Six suburbs need 'intensive' work

Painted on: Taylor Dixon tries his luck on the pedestrian crossing at Mornington. The area is a ...
Painted on: Taylor Dixon tries his luck on the pedestrian crossing at Mornington. The area is a "hostile environment" for pedestrians, according to a council report. Photo by Dan Hutchinson
Six Dunedin suburbs need "intensive revitalisation", a detailed study of the city's amenities says.

The Dunedin City Council's City Amenities Centres Programme progress report was prepared by Emma O'Neill, the council's urban design special projects manager.

The report says major work and "intensive revitalisation" is needed in Caversham, Green Island, the Gardens, Port Chalmers, Mornington and Mosgiel.

Mornington was described as "a hostile environment for pedestrians and cyclists", while Port Chalmers had "possible conflict between pedestrians, trucks, parked cars, cyclists".

Caversham had poorly defined definition at its entrances and also had issues with pedestrian safety.

Mornington had poorly maintained facades, and needed "better provision of street trees, planting, seating, bins and cycle racks", the report said.

Green Island also had poorly defined entrances and needed more trees, planting, seating, bins, cycle racks and pedestrian signs. It was described as "an unfriendly cycle environment".

The Gardens needed better seating, cycle racks and tourist signs and there were problems for cyclists and drivers.

Mosgiel had "little space for cyclists" and "poor pedestrian access across some big box areas".

Another 20 areas have been classified as needing minor improvements such as more lighting, pedestrian access, plants, rubbish bins and other infrastructure items.

The report was discussed by the Dunedin City Council planning and environment committee this week and would be used to help prioritise the programme of works in the council's citywide amenities upgrade.

Mornington resident Denis Stewart said he thought the area was "generally pretty good", although he had some difficulty on his mobility scooter negotiating dips in the footpaths and overhanging bushes.

He said the Mornington shopping area was quite busy but if people used their common sense it would not be a problem.

"I don't know about intensive, but it needs someone to come along and do general maintenance," Mr Stewart said.

A group of painters working on a shop just down the road in Mornington have had a great view of the traffic conditions for the last few days, with their "smoko" area beside the pedestrian crossing.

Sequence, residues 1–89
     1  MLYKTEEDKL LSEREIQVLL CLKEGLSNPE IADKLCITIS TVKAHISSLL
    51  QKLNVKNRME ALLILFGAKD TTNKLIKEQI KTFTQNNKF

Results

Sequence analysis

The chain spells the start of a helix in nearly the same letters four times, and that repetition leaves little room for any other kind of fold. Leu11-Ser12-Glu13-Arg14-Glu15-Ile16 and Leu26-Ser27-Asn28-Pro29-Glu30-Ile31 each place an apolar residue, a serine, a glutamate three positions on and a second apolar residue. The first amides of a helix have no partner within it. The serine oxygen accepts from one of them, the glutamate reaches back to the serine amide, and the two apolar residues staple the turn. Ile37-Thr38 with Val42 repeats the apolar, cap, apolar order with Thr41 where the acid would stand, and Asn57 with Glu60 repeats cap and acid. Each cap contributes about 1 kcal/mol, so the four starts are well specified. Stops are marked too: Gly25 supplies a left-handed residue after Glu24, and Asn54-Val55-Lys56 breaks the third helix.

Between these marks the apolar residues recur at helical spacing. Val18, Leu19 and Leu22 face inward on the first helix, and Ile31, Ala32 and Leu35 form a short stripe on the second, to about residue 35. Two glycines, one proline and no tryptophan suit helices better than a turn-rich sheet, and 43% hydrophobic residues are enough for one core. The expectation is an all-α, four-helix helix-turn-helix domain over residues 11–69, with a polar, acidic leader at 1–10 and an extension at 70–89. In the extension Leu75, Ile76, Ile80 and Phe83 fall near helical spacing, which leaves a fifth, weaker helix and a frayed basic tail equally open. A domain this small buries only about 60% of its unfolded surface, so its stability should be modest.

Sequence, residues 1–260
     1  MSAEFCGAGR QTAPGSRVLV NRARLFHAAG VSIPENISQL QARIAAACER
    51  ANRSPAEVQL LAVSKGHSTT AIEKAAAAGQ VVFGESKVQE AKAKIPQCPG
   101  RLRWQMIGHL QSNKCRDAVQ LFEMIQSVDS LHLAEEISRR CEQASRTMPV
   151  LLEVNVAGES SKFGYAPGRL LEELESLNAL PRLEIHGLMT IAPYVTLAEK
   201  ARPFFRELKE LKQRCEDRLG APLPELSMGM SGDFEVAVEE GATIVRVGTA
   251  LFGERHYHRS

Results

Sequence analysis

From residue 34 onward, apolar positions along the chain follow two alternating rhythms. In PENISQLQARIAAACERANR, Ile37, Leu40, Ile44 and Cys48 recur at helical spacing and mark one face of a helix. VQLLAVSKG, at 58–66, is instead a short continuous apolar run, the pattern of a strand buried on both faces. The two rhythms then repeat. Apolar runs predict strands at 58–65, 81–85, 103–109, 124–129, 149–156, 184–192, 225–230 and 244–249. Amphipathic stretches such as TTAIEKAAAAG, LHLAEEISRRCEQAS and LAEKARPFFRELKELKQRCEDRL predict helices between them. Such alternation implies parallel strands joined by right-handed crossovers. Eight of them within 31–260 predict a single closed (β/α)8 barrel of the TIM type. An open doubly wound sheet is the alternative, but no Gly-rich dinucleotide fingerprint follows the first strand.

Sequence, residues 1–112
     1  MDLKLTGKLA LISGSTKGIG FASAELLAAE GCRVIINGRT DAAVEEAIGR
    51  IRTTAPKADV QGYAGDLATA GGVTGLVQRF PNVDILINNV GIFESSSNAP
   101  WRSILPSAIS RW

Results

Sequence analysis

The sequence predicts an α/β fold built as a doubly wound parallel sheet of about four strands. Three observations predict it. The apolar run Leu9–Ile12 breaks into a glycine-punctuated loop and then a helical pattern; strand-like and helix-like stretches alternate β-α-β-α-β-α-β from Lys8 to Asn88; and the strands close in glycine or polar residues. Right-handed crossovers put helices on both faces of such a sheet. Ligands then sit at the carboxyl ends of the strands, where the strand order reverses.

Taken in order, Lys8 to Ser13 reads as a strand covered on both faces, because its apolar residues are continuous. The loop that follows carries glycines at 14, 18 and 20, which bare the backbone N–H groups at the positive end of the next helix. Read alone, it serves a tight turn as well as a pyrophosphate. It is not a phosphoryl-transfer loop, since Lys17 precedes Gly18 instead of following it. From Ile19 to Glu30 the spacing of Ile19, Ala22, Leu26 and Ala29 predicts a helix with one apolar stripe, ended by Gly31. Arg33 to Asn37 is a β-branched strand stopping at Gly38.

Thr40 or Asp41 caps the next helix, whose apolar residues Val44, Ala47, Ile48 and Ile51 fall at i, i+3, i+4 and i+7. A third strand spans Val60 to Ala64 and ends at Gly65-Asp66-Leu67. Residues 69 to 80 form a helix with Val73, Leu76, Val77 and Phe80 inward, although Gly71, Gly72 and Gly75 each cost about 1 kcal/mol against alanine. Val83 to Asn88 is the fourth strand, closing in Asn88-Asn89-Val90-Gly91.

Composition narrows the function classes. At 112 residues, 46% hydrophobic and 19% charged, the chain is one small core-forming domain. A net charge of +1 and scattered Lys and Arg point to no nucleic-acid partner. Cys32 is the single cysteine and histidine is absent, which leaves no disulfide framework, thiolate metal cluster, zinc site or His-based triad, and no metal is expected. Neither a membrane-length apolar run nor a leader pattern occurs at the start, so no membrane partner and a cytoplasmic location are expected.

"There are some very rude drivers coming through here. Some people just don't stop.

"And some people just step out on the road without looking," said one of the painters, Jon Waite.

The report would be used to help prioritise work being done under the amenity upgrades project and would also link in with other work being done by other council departments.


Caversham - Poorly defined entrances, poorly maintained facades. Not enough pedestrian crossings, plantings, seating, bins and cycle racks.

Green Island - Poorly defined entrances, not enough planting, seating, bins, cycle racks, pedestrian crossings and signage.

Gardens - Not enough seating, cycle racks, tourist signage and "possible conflict between cycle lanes, parked cars, buses and high traffic levels".

Port Chalmers - Needs improved pedestrian environment and there is conflict between pedestrians, trucks, parked cars and cyclists.

Mornington - "A hostile environment for pedestrians and cyclists" and needs more street trees, planting and furniture.

Mosgiel - Not enough space for cyclists and some poor pedestrian access.


- Dan Hutchinson

Add a Comment



Our journalists are your neighbours

We are the South's eyes and ears in crucial council meetings, at court hearings, on the sidelines of sporting events and on the frontline of breaking news.

As our region faces uncharted waters in the wake of a global pandemic, Otago Daily Times continues to bring you local stories that matter.

We employ local journalists and photographers to tell your stories, as other outlets cut local coverage in favour of stories told out of Auckland, Wellington and Christchurch.

You can help us continue to bring you local news you can trust by becoming a supporter.

Become a Supporter